On Becoming the Proudest of Soccer Moms

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by Meagan Cheney |

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When my 6-year-old daughter, Austen, was born, she seemed completely “normal” for the first five months of her life. She was born without complications and hit her developmental milestones according to a normal schedule.

Like any mother, I dreamed of the things she would grow up to do, including not only careers and motherhood, but also childhood sports, school, and summer camp. I wasn’t sure whether she’d be a gymnast or a cheerleader like me, or perhaps she’d decide to play baseball like her dad and uncles. But I knew I would cherish whatever it was with the pride that only a mother can possess.

But then in November 2015, the seizures started and didn’t stop. My dreams of Austen’s future slowly changed. This was especially true during the detrimental period — which I call the “dark times” — when Austen, who has Dravet syndrome, was having up to 10 tonic-clonic seizures a day and her body and mind were so tired that she could barely stay awake on many days, much less progress cognitively or developmentally.

Before I realized what had happened, I’d stopped dreaming of Austen doing somersaults on a gymnasium floor and instead prayed that she would survive until her next birthday.

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Then, in July 2019, Austen was able to start treatment with Fintepla (fenfluramine), and slowly but surely her seizures began to spread out. Not only was she able to start learning again because of Fintepla, but she also could start living again.

Now, almost three years later, Austen is still delayed, but she’s slowly closing the gaps begun during the dark times. It will take time, but I’m so happy with how far she has come.

This spring, I was getting everything together to sign Austen’s 8-year-old brother, Atlas, up for baseball when Austen asked if she could play, too. After talking with her dad, we decided that baseball probably wasn’t the best option, as we weren’t comfortable with a game involving hard balls flying toward a player’s head. But we agreed that she might be able to try a different sport.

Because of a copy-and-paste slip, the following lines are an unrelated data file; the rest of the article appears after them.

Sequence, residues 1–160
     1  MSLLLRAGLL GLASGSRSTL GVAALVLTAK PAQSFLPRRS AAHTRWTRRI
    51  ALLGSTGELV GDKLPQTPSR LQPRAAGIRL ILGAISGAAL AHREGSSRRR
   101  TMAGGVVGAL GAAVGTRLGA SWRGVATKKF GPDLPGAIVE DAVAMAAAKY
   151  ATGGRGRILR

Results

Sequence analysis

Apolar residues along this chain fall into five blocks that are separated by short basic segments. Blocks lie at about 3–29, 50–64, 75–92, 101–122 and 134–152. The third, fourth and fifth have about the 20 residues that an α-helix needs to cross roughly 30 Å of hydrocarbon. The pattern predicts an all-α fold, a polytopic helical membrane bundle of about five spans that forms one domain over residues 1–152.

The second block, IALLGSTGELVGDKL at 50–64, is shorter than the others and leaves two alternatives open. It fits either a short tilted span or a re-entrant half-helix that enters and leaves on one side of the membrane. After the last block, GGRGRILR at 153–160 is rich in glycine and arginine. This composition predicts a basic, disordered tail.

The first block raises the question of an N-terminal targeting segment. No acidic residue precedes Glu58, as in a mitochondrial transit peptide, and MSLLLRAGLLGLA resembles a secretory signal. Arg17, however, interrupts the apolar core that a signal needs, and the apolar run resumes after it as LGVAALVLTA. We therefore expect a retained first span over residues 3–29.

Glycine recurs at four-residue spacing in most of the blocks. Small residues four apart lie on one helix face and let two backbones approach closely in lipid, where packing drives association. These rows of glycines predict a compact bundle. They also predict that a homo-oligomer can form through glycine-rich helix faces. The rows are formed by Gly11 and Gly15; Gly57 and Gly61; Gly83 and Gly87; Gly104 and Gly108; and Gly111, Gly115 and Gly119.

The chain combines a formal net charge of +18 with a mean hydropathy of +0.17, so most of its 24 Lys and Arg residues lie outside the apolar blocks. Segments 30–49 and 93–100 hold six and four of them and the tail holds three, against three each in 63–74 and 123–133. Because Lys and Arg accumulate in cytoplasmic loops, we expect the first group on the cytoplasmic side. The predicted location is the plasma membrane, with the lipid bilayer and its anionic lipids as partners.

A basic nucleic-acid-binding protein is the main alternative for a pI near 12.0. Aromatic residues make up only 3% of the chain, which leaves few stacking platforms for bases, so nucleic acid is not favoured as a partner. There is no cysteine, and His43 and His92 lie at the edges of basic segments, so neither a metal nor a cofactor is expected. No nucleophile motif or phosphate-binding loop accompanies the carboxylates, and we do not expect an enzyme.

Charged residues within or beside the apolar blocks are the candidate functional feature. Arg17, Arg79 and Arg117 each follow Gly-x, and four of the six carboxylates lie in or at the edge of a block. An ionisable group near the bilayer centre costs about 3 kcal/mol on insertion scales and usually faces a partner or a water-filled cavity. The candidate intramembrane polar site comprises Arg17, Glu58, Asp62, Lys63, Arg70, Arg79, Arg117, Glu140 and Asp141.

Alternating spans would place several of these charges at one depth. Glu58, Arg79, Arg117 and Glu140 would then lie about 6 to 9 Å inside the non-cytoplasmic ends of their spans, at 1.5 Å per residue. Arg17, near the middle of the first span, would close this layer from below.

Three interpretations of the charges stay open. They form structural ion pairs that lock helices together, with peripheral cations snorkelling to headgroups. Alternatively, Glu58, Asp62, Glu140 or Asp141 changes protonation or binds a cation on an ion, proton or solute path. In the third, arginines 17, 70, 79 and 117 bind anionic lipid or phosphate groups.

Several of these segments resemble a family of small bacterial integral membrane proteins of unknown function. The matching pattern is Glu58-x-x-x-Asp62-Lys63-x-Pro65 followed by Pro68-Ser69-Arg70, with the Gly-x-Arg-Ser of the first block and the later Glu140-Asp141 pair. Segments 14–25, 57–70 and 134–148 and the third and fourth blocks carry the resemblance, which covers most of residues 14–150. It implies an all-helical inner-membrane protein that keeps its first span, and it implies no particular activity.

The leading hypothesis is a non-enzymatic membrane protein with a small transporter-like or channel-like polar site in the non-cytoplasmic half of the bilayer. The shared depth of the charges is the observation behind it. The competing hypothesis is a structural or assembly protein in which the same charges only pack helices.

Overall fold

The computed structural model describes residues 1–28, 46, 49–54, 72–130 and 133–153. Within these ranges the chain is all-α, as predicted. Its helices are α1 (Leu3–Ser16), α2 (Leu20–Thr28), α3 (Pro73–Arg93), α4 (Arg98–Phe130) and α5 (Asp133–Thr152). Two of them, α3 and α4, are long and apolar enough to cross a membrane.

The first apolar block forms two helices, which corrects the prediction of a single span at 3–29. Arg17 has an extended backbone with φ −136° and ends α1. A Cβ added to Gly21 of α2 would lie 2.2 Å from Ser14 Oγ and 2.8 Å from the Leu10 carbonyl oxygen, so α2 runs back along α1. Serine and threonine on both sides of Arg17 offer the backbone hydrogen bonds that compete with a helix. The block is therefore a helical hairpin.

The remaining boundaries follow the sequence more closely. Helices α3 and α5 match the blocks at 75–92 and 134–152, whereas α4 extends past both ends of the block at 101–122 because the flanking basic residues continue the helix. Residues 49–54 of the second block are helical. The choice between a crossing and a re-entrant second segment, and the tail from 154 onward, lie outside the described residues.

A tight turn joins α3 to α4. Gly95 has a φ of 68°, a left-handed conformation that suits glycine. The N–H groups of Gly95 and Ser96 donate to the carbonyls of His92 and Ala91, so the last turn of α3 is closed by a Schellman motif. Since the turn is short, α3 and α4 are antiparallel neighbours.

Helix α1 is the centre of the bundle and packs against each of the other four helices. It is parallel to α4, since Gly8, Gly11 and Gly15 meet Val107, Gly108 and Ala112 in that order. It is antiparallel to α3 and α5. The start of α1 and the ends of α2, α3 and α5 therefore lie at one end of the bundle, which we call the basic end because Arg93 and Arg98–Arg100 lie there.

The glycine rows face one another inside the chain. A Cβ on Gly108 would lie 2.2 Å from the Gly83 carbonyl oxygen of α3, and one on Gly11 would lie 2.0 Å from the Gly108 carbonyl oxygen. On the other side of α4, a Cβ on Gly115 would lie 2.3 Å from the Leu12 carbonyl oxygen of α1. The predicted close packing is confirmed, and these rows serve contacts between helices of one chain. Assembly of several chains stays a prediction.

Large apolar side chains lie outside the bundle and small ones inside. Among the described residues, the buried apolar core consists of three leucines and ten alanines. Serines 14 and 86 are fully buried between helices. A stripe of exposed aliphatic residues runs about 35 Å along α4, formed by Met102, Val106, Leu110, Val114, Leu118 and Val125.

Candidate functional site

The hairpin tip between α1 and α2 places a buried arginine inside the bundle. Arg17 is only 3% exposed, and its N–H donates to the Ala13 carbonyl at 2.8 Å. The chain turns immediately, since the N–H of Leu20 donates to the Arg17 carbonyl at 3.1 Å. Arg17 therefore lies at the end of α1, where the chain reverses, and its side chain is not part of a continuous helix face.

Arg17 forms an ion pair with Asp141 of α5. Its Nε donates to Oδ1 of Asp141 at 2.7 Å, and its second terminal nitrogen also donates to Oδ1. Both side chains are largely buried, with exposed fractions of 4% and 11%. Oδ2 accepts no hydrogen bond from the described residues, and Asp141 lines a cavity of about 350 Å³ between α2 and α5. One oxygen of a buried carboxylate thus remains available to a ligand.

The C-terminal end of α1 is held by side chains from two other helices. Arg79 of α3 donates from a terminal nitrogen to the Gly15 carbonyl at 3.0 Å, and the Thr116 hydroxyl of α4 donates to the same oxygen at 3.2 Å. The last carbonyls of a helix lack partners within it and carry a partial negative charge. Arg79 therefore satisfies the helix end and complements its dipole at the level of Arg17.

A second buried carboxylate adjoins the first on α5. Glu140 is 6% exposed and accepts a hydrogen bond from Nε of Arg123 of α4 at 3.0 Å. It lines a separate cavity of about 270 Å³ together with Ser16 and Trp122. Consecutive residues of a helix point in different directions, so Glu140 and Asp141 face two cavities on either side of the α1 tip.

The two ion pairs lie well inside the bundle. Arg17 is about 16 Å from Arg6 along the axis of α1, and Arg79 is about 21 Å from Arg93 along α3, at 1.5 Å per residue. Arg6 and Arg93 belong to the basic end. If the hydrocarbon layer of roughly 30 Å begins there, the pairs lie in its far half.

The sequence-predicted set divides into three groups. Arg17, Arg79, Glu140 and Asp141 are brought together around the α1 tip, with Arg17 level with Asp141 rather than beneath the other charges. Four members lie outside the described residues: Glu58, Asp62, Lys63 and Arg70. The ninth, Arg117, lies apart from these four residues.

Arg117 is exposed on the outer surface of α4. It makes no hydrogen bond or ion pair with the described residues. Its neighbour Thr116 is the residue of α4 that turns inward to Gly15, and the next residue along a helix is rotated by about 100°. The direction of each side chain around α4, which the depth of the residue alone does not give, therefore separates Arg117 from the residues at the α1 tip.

We discussed our options and decided that soccer might be a good idea for her. Austen has a lot of energy, and our town’s soccer program isn’t too intense for her age group.

It turned out to be a great decision. Austen’s coach is amazing with her. He has been so patient in teaching her the game and keeps her motivated while she’s out there playing. He also lets her sit out if her energy gets low and doesn’t care when she constantly tries to hug him.

Austen’s teammates also are very accepting of her. They help her stay focused and watch for the ball, and have even offered to stay by her so that she’s not left behind when she’s tired and can’t run as fast as them.

Something I couldn’t even imagine three years ago is now playing out in front of me on the soccer field every weekend, thanks largely to her Fintepla treatment. My girl is out there playing, and I’m shouting along with the other parents on the bleachers. I no longer must pray for her to simply survive her childhood — instead, I can watch her thrive in the midst of it.


Note: Dravet Syndrome News is strictly a news and information website about the disease. It does not provide medical advice, diagnosis, or treatment. This content is not intended to be a substitute for professional medical advice, diagnosis, or treatment. Always seek the advice of your physician or other qualified health provider with any questions you may have regarding a medical condition. Never disregard professional medical advice or delay in seeking it because of something you have read on this website. The opinions expressed in this column are not those of Dravet Syndrome News or its parent company, BioNews, and are intended to spark discussion about issues pertaining to Dravet syndrome.

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